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The Red Pen: Presenting your work

Publishing Director and author Moira Forsyth is back on the blog today with a short, practical epilogue to her series of blog posts featuring advice for writers. We are not currently open to unsolicited submissions, but the tips in The Red Pen blog series will help you ensure that when we do reopen on June 13th, your book will be in the best possible shape. Find out more about our submissions window on our submissions page.

You’ve finished writing, and you believe you’ve also finished editing and polishing. So is your text ready to submit to publishers? Here’s a summary checklist, followed by some tips to make sure you get it right when you press ‘send’.


  • Edit, edit and edit again. How many versions have you written? How long have you spent working on this?
  • The beginning matters – and it’s probably the part that needs most revision
  • Have you got rid of novice writers’ habits? Too many adjectives and adverbs; too much ‘stage business’ around dialogue; characters exclaiming, declaiming, suggesting, offering, declaring etc. instead of just saying?
  • Is there a single exclamation mark that isn’t fully justified by the context? In other words, best to keep it to dialogue, and even then, be sparing.
  • Have you dealt with the problem of ‘show not tell’?
  • Print the text to read and check it. Don’t rely on reading on the screen to show up errors
  • When your eye keeps catching on a word or phrase when you re-read your work, there’s a reason for that – something isn’t quite right. Look again.
  • Make sure other people have read your work and commented on it to you. Good readers are invaluable to a writer.
  • Time – leave your work alone for a while, then come back to it with a cooler, critical eye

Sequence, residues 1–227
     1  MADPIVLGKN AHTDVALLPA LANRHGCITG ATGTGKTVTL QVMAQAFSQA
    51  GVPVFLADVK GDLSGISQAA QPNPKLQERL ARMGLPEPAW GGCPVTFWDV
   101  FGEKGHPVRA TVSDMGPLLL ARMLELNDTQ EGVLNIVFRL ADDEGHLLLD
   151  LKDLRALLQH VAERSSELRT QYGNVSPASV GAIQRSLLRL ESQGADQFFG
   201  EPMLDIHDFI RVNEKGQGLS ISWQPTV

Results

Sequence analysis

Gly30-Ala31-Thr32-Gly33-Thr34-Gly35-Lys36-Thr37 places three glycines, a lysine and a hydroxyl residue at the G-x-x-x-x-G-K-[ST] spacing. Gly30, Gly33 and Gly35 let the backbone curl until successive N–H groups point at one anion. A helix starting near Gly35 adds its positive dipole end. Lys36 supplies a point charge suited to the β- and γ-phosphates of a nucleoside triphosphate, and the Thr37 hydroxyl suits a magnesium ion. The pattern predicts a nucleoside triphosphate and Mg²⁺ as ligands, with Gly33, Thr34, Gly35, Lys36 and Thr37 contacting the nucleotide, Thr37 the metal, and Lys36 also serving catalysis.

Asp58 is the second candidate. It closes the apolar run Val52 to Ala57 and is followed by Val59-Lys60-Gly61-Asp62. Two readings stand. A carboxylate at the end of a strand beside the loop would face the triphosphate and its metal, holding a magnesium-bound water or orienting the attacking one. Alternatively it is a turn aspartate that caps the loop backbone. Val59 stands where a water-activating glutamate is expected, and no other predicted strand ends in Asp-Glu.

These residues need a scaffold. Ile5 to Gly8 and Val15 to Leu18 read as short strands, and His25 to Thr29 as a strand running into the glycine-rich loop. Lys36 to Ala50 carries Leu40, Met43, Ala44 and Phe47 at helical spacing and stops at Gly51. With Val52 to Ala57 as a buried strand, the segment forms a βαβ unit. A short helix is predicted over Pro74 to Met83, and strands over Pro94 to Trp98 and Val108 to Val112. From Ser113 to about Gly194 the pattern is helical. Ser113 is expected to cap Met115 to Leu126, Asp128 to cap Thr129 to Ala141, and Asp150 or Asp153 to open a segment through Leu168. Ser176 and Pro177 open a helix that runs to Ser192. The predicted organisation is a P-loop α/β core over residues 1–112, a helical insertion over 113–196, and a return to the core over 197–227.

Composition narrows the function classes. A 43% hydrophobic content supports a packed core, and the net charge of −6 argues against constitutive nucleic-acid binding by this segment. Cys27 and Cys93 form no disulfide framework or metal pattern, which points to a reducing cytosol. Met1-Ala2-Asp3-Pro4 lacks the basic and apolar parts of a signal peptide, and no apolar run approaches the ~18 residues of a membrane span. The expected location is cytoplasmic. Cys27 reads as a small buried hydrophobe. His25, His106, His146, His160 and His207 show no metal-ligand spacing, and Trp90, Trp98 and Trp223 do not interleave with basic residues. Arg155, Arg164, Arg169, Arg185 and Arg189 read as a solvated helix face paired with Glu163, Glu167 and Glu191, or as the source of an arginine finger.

1. Do your research (to find suitable publishers and agents. Check websites, Writers’ & Artists’ Yearbook etc.).
  2. Check the guidelines for each publisher or agent and adhere to them when submitting.
  3. Write a good covering email. This is your pitch, the first thing the publisher will see and judge you by. Keep it short and to the point – don’t include your entire life story.
  4. Write a short synopsis[*] – one side of the page only. This doesn’t have to tell the whole story in detail.
  5. Send individual emails to each publisher/agent demonstrating an awareness of their work. Cut and paste is great, but you have to be careful not to send an email to Publisher X with a sentence saying how much you admire Publisher Y’s list by mistake! (This has happened to us.)

Sometimes, unwittingly, authors get it wrong – make sure you avoid these errors.


  • Always submit your latest and best. You might think it’s worth trying a publisher with an old novel lying about in a drawer. They will judge you by it, and be unwilling to look at anything else you send if they’ve rejected that because, for example, the standard of writing wasn’t high enough.
  • Do not send multiple submissions – this just looks as if you’ve not managed to publish any of the novels you’ve written and you keep sending out the early ones along with the latest.
  • Do not send a second email several days after the first with the correct ms (Sorry, I sent you the wrong version…..)
  • Do not send your text in a strange font in 16pt, photographs inserted in the text etc. Follow the publisher’s guidelines. We prefer one and a half spacing, but some publishers specify double.
  • Editors are unlikely to be impressed by epigraphs – i.e. quotes from famous or classical writers at the beginning of your novel. If their work is still in copyright, you will need to get permission to quote, and that can be time-consuming and expensive.
  • Check and check again that there are no obvious errors in the opening pages of the text
  • Don’t worry about trying to describe your novel as being like several other (famous) writers. Whether your novel is like any other is a matter for you, the editor and publicist to discuss when it’s been accepted for publication. For now, it’s only the quality of your work that matters. It is helpful if you can indicate the genre (thriller, romance) and the readership you have in mind. (Adult, Young Adult, mainly women etc.)


You’ve done all the hard work you can – trust to that, and good luck!

[*] Writers can find writing a synopsis harder than writing the book itself. Here are a couple of helpful websites:

Moira Forsyth

Moira Forsyth